RIM was in the best position to contend and failed to act quickly for sure. They have been strung up for it ,and then some, along with their employees and shareholders. Smeared and degraded for trying to stand up and fight for what they believe is theirs.
    I'm a sucker for the underdog, (big mistake for me in life ), I can't stand to see anyone's mistreatment, and I've been around long enough to be able to clearly identify it when it does happen.

    Posted via CB10
    02-21-15 11:32 AM
  5. LuvULongTime's Avatar
    Foxconn build as efficiently as they can but it's the component costs that will always be a large percentage of the handset cost to manufacture. The component supplier will offer discounts if the manufacturer (Foxconn) buys a ton of parts, and typically much bigger discounts as the order size increases.

    I believe Birdman's point was that BB will provide such a small order to Foxconn (anything under 1M handsets is small I reckon), that Foxconn won't be able to negotiate a significant discounts on screens, chips, etc from the component supplier. So the cost of the screen that goes into a BB handset, even if it was identical to the screen going into an Android handset, would cost BB/Foxconn more... and that additional cost would normally get passed onto the end-consumer. The Android customer would be able to take advantage of the bigger discounts the component supplier gave in return for the much larger order size.

    And it really does make a difference. The Z3 came out at $200. Similarly spec'ed Android handsets were closer to $100. As has been said many times on these forums, BB can't compete on price because otherwise they'd be selling below cost.

    So, nothing to do with Foxconn's where-with-all, everything to do with quantity discounts.
    Great post and no disagreement here. Here is a question for everyone. Is the Foxconn deal a help or hindrance to BlackBerry? The initial idea, and one that Chen promoted, was that Foxconn had greater economies of scale and could produce phones at a better price. But can they? Considering BB is ordering small volumes of devices AND they need to share any profits with Foxconn, what is the point? I think the real reason for the Foxconn deal was to save BlackBerry from their own stupidity WRT inventory management. They struck out three times with the PB, Z10, and Q10. Maybe Heins gave up and signed the Foxconn deal to save BB from themselves? Now that Chen seems to have a handle on how to produce inventory in house (Passport being a good example), maybe they apply these new philosophies to any new HW they produce moving forward. Make small batches and keep all ALL the profit.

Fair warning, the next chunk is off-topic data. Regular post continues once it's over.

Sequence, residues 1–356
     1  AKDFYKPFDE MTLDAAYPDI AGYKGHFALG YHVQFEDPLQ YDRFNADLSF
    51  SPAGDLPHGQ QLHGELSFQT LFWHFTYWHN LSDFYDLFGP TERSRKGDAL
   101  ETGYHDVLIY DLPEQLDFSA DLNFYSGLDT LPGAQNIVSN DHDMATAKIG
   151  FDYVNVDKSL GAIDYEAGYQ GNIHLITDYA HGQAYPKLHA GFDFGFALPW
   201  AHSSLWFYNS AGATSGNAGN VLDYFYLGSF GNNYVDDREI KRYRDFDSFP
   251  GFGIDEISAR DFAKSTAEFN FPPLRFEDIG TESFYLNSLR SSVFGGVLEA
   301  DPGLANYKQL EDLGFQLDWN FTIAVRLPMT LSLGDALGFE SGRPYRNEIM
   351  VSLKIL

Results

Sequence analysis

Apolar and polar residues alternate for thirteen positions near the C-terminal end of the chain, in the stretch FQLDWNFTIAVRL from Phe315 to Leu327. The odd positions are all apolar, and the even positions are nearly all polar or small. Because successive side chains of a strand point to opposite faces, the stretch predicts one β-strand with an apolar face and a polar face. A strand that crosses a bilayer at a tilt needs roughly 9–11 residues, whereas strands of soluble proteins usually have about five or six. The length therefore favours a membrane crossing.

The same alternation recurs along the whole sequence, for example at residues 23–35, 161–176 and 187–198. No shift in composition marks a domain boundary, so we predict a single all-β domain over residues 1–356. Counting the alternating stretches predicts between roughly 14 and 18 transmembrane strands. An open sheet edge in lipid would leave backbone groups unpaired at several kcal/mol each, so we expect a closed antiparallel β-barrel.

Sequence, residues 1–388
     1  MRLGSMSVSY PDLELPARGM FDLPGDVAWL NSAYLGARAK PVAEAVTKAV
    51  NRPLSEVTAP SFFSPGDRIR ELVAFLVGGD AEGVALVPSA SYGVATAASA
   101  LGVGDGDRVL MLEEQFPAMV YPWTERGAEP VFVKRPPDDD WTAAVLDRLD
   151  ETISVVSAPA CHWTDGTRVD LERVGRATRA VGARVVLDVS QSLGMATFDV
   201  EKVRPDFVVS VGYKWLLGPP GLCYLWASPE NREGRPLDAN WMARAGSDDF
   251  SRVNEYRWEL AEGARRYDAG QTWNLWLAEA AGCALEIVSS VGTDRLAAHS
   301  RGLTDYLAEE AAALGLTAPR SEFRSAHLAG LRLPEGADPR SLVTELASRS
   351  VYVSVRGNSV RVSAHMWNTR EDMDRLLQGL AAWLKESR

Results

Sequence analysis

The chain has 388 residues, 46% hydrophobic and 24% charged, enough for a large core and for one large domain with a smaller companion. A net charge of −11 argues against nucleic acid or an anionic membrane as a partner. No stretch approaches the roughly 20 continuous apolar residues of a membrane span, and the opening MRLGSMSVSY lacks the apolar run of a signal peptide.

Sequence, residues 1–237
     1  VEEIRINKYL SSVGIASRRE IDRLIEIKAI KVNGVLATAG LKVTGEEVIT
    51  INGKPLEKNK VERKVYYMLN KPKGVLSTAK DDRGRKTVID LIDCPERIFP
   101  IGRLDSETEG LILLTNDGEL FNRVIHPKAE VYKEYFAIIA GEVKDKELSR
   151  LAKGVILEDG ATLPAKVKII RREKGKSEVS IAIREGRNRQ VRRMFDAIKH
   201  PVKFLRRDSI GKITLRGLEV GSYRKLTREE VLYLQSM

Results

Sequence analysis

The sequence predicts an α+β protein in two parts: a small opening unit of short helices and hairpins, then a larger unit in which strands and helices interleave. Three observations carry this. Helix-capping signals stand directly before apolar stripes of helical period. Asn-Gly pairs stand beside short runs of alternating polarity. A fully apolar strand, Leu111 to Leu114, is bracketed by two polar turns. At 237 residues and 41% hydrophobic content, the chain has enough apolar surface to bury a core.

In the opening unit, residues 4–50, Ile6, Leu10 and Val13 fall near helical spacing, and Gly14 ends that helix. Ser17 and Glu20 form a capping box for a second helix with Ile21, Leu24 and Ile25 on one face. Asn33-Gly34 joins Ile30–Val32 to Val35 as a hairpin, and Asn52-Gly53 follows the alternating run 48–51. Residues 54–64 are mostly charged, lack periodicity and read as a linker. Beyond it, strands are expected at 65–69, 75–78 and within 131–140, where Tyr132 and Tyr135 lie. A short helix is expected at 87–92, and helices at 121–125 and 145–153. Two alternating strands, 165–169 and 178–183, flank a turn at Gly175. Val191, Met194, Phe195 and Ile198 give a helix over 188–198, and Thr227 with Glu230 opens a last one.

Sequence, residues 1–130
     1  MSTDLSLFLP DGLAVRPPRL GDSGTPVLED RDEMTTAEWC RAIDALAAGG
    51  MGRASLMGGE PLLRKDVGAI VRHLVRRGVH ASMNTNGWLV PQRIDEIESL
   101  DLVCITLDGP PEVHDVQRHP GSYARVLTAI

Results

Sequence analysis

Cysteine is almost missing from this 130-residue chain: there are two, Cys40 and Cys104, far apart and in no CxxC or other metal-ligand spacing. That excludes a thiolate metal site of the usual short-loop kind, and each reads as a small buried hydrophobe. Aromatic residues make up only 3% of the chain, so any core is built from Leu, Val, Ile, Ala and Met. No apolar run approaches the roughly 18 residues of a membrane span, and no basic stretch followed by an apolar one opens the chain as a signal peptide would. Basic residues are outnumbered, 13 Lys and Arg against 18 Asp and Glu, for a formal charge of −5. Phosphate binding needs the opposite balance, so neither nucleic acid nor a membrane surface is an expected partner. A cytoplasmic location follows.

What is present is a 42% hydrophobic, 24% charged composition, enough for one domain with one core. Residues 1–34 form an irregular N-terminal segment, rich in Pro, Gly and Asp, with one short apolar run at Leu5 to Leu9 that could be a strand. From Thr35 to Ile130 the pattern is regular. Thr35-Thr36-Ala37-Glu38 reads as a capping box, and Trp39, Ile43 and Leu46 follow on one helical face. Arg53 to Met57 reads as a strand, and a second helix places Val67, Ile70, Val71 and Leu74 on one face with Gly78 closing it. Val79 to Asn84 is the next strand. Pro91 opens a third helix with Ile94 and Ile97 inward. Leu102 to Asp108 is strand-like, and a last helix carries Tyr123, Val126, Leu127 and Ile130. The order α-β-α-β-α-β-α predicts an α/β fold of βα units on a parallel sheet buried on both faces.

02-21-15 11:34 AM
  6. Bbnivende's Avatar
    We do not know BlackBerry's cost to make handsets nor are we subject manner experts. ( Troy might be ?? but I am certainly not)
    This is what one smartphone maker said:

    This Is How Xiaomi Keeps The Cost Of Its Smartphones So Low | TechCrunch

    It is possible to rationalize your product line to reduce the cost of your component parts. The trouble is that you want to be ahead of the curve so that your device does have a decent shelf life.
    02-21-15 12:10 PM
  7. Troy Tiscareno's Avatar
    Make small batches and keep all ALL the profit.
    BB hasn't ever produced a significant amount of their phones themselves - they did have their own production facilities, but they were relatively small. The vast majority of phones were and are made by third-party contractors. Jabil Circuit of Florida was the biggest contractor, and have manufacturing plants in Asia, Eastern Europe, and South America. They were the manufacturers of the majority of BBOS phones, as well as the first 4 BB10 phones: Z10, Q10, Q5, Z30.

    All of those phones were designed by BB's own in-house design staff, which still exists but is now much smaller. BB no longer has any production facilities of its own (they were closed and sold off in 2013) beyond perhaps the ability to make small batches of prototypes. Besides Foxconn, it seems they have another manufacturer, but I've not seen anything publicly about who that might be - it could all be Foxconn, with the difference being that the Z3 was completely a Foxconn hardware project (design, manufacture, and inventory management), whereas others are just manufactured by Foxconn. Either way, manufacturing is outsourced for all devices.
    LuvULongTime and mornhavon like this.
    02-21-15 01:27 PM
  8. mornhavon's Avatar